1,500 visit booths, sample gumbo
Published 12:03 am Sunday, February 8, 2015
Under the tree-shaded south side of Crawford Street and across the street from the site of the political rally from the movie “Oh, Brother Where Art Thou,” cauldrons boiled and bubbled, sending the aroma of sausage, chicken, duck, seafood and other delicious scents over and through the throng of people waiting in line for their first taste of the cooks’ art.
The Vicksburg Foundation for Historic Preservation’s fourth annual Carnaval de Mardi Gras and Gumbo Cook-off at the Southern Cultural Heritage Center drew an estimated 1,500 people who queued up at tents and booths bearing the names, “Quack Attack,” “Em Cluckers,” “Mud Bugs,” “Redwood Rednecks,” “Nobie’s” and “Gumbones Hedz” for a taste of the dish that is part of the Gulf South’s culture as Cajun, New Orleans brass band and zydeco music floated out through several speaker systems.
“It’s been so exciting to see the people come in and enjoy the gumbo,” foundation executive director Nancy Bell said. “We had 15 cooks participating. Everyone is happy, and the weather has been beautiful.”
Warmer weather with the high temperature in the mid-60s and clear skies cooling to 60 helped the mood of the event.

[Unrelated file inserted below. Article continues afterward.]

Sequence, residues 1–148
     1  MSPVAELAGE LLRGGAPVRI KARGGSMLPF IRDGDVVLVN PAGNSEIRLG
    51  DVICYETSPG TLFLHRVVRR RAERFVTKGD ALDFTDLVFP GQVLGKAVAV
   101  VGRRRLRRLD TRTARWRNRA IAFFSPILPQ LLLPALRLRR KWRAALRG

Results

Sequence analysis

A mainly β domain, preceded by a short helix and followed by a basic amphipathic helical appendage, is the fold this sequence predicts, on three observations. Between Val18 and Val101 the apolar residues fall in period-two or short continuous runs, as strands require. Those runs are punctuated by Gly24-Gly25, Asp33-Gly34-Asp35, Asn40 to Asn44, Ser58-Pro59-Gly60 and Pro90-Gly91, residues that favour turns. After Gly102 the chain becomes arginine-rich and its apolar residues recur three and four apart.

“This is wonderful; a great turnout,” Ali Hopson said between spoonsful of gumbo. “This is a great opportunity for the community to come out and enjoy themselves and have a good time.”
Hopson was on her first cup of gumbo. “I’m slowly making my way down the street, one at a time,” she said.
Alissa Miller, who was still dressed in the costume she wore on a float in the earlier Mardi Gras parade, pronounced the gumbo “great. We need more things like this in the community.”
Keily McKellar, who was handling two cups of gumbo — one for a friend — agreed.
“This is wonderful. They need to come up with more things like this for the community to get people out,” she said. “I’m having a wonderful time.”
Chicken and sausage gumbo, with a few variations, dominated the competition, with only three booths, Riverwalk Casino’s Rocky’s, Roux Dawgs and May & Company, serving the more traditional seafood gumbo. Roux Crew’s offering included shrimp, crab and oysters.
One booth, Quack Attack, operated by Jeff Richardson and Ty Wamsley, offered duck andouille sausage gumbo to the sounds of zydeco music.
“These are ducks shot right here in the Mississippi Delta,” Wamsley said.
“Ty did all the hunting,” Richardson, the cook, said.
Mud Bugs offered another variation on the chicken and sausage recipe with a turducken gumbo featuring chicken, duck and turkey meat and gumbo.
Roux Dawgs took first place in the seafood gumbo category, winning $200 and a free entry for next year’s competition. May & Company finished second, with Riverwalk Casino placing third. In the non-seafood gumbo category, Nobie’s took first place and the $200 prize and free entry for the 2016 competition, Redwood Rednecks finished second, while J. Daddy Parms was third. Nobie’s also had the best booth display. The Creek Krewe received the people’s choice award.